In Alzheimer’s disease, the first part of the brain that gets affected is the hippocampus. Situated in the temporal lobe of the brain, the hippocampus is responsible for forming, and maintaining memories. Deterioration of the hippocampus causes people with Alzheimer’s to have trouble remembering important information such as the names of their family members, and having trouble recognizing objects. A cognitive deficit that may show up in someone with Alzheimer’s disease is anterograde amnesia. Anterograde amnesia is a type of memory loss that occurs when a person is unable to form new memories and can affect various subtypes of memories such as semantic memory, and episodic memory. Semantic memory is best defined as remembering something factually such as what a person did over the weekend, or what they did at work, while episodic memory is a type of long-term memory that involves conscious recollection of previous experiences together with their context in terms of time, place, associated emotions, etc. Furthermore, semantic memory also reflects but is not limited to the details of one’s life such as what hometown they’re from, what their favorite color is, and characteristics of that specific person. People with Alzheimer’s may have trouble remembering something they did last weekend because in Alzheimer's, short-term memory is usually affected first. Conversely, a person diagnosed with Alzheimer’s may still remember their wedding from 50 years ago since long-term memory is not significantly damaged in the early stages of Alzheimer’s disease.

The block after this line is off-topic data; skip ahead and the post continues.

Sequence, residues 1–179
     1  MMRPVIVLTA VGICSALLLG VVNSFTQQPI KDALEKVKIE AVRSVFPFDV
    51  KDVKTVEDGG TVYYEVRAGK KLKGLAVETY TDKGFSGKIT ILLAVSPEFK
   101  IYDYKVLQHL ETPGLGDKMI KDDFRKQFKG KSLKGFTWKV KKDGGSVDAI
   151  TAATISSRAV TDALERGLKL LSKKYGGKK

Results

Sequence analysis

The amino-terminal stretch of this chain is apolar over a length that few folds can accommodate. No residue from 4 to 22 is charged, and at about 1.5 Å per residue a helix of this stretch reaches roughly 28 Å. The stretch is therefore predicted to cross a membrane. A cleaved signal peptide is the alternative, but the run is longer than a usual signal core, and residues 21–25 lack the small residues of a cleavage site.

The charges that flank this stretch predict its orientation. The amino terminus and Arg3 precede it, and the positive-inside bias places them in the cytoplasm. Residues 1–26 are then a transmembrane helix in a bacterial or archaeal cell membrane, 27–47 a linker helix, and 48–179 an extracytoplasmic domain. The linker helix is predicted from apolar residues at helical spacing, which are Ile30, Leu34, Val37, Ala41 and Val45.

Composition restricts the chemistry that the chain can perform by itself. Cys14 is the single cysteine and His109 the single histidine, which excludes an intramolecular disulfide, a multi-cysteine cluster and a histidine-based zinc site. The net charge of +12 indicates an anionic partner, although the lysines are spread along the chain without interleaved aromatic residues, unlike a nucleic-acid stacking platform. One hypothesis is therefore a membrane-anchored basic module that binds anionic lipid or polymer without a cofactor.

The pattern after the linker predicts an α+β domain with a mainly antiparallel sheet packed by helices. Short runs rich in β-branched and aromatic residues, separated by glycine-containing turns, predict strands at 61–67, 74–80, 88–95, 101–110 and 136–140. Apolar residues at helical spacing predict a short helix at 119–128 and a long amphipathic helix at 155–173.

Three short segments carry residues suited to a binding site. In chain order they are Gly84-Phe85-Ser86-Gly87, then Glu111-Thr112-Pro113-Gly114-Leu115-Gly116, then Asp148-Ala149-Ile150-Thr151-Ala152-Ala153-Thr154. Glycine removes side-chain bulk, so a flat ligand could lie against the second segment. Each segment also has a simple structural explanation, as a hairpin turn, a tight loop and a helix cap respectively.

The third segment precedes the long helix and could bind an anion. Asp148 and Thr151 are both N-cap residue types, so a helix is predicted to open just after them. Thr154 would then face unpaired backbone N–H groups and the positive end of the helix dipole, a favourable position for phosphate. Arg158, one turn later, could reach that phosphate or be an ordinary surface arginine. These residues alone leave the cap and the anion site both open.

Agraphia, a reduction of the ability to write is also an effect of AD.  To be able to write, our brain has to be able to execute and integrate a lot of motor skills. Our brain has to be able to process language and we have to be able to convert our thoughts into words. Additionally, it is crucial that one can choose the right letters to spell the words correctly, know how to write each letter and have the ability to do this repeatedly. People with Alzheimer’s develop agraphia when any area in the brain involved in helping us write becomes damaged which is unfortunately irreversible and worsens over time. Because both spoken and written language are produced by neural networks in the brain that are interconnected, people who have agraphia can also have speech impediments as well as hardships with reading. Furthermore, there are several types of agraphia such as deep agraphia where there’s damage to the left part of the parietal lobe in the brain. The parietal lobe is the part of the brain that is responsible for spatial awareness, knowing how far two things are from each other, learning movements, sensory information, etc. When a person with Alzheimer’s has deep agraphia, they may not be able to remember how a word is spelled, and might also have issues with recalling how to “sound out” a word which is known as having a phonological inability. Moreover, people affected by this may confuse two words that are related to each other with an example being “restaurant” and “server.”